Let’s take a look at our three groupings to see how they fared. 

athletic shoes – high traffic, low ROAS
athletic shoes for women – high traffic, med ROAS
athletic shoes for men – high traffic, high ROAS
athletic shoes near me – low traffic, low ROAS
athletic shoes for flat feet – low traffic, high ROAS
athletic shoes online – high traffic, low ROAS
athletic shoes made in usa – low traffic, high ROAS

For neutral performers, we can do a number of things. We can give them more time to accumulate more data. Basically, we need to investigate and test more before we can make a good determination. In baseball terms, we’ll keep these keywords in the minor leagues for a few more games before making the call in either direction.

For the losers (those who strike out consistently, commit errors, and are generally duds), we will add them to a “negative beta list” and then cycle back to the beta phase. If they are flat ­out failures, we can pause them and/or remove them from the campaign. This is the baseball equivalent of kicking the player off the bus and leaving them behind. If these keywords are high traffic opportunities, we can also evaluate the landing page as well as the customer experience to see if there’s something we can do to convert this traffic stream.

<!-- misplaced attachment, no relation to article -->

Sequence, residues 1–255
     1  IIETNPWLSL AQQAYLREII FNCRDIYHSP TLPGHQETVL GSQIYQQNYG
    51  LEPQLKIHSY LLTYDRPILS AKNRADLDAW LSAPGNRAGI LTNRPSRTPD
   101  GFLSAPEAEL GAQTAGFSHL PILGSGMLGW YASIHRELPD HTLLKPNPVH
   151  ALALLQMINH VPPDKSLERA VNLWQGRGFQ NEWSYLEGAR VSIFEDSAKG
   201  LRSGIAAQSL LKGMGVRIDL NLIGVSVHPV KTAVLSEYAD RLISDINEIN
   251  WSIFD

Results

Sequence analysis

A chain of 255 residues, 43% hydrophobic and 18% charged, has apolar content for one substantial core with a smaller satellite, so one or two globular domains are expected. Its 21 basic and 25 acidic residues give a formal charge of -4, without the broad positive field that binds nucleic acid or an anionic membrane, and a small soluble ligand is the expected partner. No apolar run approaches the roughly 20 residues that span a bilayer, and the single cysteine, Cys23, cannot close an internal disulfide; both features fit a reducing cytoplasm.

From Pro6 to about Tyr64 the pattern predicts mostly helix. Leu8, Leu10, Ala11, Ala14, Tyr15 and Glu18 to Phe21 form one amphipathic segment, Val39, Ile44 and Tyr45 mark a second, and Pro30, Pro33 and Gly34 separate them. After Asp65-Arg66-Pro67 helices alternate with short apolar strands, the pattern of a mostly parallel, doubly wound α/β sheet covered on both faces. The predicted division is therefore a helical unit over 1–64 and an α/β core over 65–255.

Breaking Bat

But enough with this talk of the minor leagues. Let’s talk about the winners ­­ those high performing keywords that are getting the call up to the big show.


When your winning keywords are identified, the first thing you are going to do is add them to a “negative alpha list.” This seems counterintuitive; but doing this pulls your M.V.P. out of the minor leagues (i.e. ­ removes it from your beta campaign) so that it isn’t accidentally triggered when you re­-run your beta campaign and costs you unnecessary money.